MADISON — The first Wisconsin Governor’s Business Plan Contest in 2004 ended in a tie … a statistical, down-to-the-hundredths-place tie.

Tom Still

Still

The judges scratched their heads and declared co-winners, a verdict vindicated by time as the deadline for entering the 15th annual contest nears.

One co-winner of the inaugural contest, BioSystem Development of Madison, was acquired in 2011 by Agilent. Founder Scott Fulton is now working on another young lab-tech company, Cellara LLC.

The other co-winner, Novascan LLC of Milwaukee, began with a device to detect cancer electrically and pivoted by building a device to help perform Mohs surgery for skin cancer. A clinical trial will take place this year and investors are optimistic.

The honor roll of companies (current or acquired) that gained traction through the Governor’s Business Plan Contest didn’t stop with that unlikely tie. Over time, more than 3,500 plans from more than 300 Wisconsin communities have been entered in the contest.

Finalists have included companies such as RevolutionEHR, Vector Surgical, Nerites, Elucent Medical, Fishidy, Lynx Biosciences, Hyde, bluDiagnostics, Strategic Fishing Systems, Optametra, Platypus Technologies, Reza Band, RoWheels, MobCraft Beer, Sector67 and BadgerBites.

Known today as Eat Street, the founders of BadgerBites recently crashed the Forbes “30 under 30” list.

Some lunar-sized craters were left by promising finalists, too, but that’s not unusual in the world of emerging companies. A more striking fact is that past BPC finalists have enjoyed a high survival rate, especially compared to the U.S. startup mortality rate overall. Collectively, past contestants have raised at least $200 million in angel and venture capital and venture debt – all while creating jobs and economic value in Wisconsin.

As the 15th version of the contest heads toward a Jan. 31 deadline at www.govsbizplancontest.com, it’s time for another edition of entrants to make their bids for success.

The contest links up-and-coming entrepreneurs with a statewide network of community resources, expert advice and mentoring, management talent and possible sources of capital.

Two workshops are scheduled for people who would like to learn more about entering:

  • Noon Jan. 11 at the Tech Council Innovation Network meeting at the UW-Milwaukee Accelerator in Wauwatosa. Click here to register.
  • 6 p.m. Jan. 17 at the Industrious co-working space, 25 W. Main St., Madison. Click here to register.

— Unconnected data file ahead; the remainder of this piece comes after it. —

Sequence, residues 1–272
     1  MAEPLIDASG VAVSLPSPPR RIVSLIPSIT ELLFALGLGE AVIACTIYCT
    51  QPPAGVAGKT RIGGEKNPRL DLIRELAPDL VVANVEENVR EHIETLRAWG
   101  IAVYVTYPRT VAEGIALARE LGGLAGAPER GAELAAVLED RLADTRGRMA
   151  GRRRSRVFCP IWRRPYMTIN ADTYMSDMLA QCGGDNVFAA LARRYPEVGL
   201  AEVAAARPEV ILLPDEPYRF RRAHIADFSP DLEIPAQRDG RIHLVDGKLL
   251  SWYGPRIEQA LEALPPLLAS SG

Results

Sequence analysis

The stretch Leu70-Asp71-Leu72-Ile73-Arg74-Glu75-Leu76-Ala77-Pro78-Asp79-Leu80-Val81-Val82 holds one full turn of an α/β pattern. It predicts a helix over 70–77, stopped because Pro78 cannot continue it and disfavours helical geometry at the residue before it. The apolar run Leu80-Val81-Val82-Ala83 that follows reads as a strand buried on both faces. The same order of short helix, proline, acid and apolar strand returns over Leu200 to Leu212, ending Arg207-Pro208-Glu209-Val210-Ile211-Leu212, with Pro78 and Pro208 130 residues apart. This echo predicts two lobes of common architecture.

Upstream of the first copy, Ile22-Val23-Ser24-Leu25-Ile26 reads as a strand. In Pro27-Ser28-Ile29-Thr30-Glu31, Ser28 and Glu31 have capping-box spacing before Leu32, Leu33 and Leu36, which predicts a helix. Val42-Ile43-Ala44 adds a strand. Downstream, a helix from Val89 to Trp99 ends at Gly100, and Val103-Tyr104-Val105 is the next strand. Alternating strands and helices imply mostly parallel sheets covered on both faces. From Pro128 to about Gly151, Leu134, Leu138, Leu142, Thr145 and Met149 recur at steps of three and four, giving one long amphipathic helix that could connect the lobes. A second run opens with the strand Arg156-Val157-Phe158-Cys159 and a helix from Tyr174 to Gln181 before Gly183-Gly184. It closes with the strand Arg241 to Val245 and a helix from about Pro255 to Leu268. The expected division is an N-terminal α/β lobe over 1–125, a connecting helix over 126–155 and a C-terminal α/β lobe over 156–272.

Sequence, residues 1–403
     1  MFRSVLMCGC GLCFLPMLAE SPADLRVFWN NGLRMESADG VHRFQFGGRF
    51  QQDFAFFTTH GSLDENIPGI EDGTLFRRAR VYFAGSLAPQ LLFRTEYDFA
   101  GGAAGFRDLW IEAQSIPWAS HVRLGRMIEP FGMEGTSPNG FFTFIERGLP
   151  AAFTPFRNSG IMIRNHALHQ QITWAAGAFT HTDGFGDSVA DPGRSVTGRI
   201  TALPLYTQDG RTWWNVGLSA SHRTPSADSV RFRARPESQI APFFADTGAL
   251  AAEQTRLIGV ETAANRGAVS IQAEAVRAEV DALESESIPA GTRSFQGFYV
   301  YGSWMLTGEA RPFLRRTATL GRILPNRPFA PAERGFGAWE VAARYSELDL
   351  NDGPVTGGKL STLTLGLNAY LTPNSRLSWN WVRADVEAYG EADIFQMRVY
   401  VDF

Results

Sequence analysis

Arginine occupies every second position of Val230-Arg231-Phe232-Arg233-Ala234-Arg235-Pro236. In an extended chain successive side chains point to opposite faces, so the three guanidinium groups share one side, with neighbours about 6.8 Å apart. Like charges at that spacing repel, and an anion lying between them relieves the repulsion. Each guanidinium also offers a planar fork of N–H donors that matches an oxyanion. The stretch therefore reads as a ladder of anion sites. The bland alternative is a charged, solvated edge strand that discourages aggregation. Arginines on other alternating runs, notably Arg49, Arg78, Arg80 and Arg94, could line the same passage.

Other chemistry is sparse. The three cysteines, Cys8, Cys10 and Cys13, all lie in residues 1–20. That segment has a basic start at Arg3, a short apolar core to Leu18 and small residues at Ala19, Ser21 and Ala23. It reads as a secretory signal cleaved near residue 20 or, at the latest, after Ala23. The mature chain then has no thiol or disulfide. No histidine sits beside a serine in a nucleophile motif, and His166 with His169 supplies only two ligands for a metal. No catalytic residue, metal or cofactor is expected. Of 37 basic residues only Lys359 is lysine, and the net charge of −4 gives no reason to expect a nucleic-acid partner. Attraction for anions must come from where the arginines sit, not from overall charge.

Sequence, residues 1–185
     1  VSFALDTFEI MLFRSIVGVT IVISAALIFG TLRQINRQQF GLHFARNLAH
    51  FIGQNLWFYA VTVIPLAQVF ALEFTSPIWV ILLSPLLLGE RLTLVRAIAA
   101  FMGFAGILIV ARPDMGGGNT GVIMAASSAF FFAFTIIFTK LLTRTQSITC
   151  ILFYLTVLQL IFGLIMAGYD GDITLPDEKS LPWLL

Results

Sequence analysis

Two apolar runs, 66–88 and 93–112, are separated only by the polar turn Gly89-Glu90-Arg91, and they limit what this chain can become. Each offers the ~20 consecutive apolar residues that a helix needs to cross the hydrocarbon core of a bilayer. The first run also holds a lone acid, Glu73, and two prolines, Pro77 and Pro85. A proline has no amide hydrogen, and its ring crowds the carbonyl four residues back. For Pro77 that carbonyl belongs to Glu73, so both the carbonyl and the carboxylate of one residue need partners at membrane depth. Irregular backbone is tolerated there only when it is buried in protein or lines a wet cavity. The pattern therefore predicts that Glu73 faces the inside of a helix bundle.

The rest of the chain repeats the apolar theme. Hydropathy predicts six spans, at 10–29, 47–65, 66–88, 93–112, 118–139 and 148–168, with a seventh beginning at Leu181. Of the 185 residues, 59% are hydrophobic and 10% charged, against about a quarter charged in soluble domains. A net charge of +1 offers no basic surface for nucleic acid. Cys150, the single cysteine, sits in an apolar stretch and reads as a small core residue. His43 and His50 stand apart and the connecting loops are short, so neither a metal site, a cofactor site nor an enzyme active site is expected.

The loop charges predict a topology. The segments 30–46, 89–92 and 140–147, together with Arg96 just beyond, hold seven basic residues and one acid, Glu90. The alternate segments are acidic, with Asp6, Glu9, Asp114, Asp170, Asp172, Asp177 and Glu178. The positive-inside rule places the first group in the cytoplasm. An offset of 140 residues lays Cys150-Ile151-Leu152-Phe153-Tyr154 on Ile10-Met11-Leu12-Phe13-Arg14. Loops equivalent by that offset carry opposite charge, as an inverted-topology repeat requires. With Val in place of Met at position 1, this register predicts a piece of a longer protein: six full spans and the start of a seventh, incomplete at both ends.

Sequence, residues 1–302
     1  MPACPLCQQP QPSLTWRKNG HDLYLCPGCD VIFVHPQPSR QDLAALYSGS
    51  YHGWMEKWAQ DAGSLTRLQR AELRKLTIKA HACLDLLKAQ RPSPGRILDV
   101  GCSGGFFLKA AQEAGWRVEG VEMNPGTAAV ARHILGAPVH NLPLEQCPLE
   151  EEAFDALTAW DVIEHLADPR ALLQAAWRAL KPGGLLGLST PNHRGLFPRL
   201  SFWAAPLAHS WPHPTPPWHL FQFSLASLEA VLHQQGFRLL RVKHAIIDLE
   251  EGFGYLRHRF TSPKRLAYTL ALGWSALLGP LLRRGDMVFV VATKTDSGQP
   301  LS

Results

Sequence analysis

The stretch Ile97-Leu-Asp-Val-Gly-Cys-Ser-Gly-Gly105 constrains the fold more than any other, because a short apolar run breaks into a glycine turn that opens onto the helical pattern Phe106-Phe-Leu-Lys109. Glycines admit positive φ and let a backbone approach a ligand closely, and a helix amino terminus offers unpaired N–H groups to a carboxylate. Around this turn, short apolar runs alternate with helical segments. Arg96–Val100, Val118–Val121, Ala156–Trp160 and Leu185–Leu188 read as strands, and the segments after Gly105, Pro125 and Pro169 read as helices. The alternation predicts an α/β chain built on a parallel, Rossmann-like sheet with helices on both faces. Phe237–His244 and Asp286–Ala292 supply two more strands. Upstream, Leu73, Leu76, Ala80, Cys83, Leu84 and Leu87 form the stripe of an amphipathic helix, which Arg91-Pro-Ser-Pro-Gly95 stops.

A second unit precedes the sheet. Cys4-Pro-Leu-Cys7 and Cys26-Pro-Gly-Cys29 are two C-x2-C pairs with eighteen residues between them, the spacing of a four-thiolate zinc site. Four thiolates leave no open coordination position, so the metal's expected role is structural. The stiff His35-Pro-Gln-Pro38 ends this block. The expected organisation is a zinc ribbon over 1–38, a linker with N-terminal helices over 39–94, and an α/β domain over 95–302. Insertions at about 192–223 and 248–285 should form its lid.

Contest categories are Advanced Manufacturing, Business Services, Information Technology and Life Sciences. For their initial entries, contestants will submit a 250-word (about 2,000 characters) idea abstract that will be reviewed by members of an 85-person judging panel.

Wisconsin residents 18 years old and older are eligible, as are teams from state-based businesses and organizations. Businesses or teams from outside the state are also eligible if they demonstrate intent to base their business in Wisconsin. Entrepreneurs may also enter multiple ideas; companies or individuals that have raised less than $25,000 in private equity for their plans in a current form may enter.

A dozen top contestants will present at the Wisconsin Entrepreneurs’ Conference in June.

It’s free to enter and the contest is conducted in stages, which means people can walk before they run. A March 1 seminar for the semi-finalists will be held in Waukesha to provide help with taking a business plan to the next stage.

What about those entrepreneurs who believe they don’t really need a business plan to get started? After all, they argue, building a “Minimum Viable Product” may test the market as well as anything. That’s true, but even experts who like lean startups find merit in writing a plan. Business plans help startups and even older businesses make their mistakes on paper versus real life. Plans help to set goals and serve as a platform for action, even if such plans change before the ink is dry.

For a growing list of emerging companies in Wisconsin, it all started with an idea and a plan. Take your idea from cocktail-napkin notes to reality. Resolve to start your new year by entering the Wisconsin Governor’s Business Plan Contest.

Tom Still is president of the Wisconsin Technology Council.

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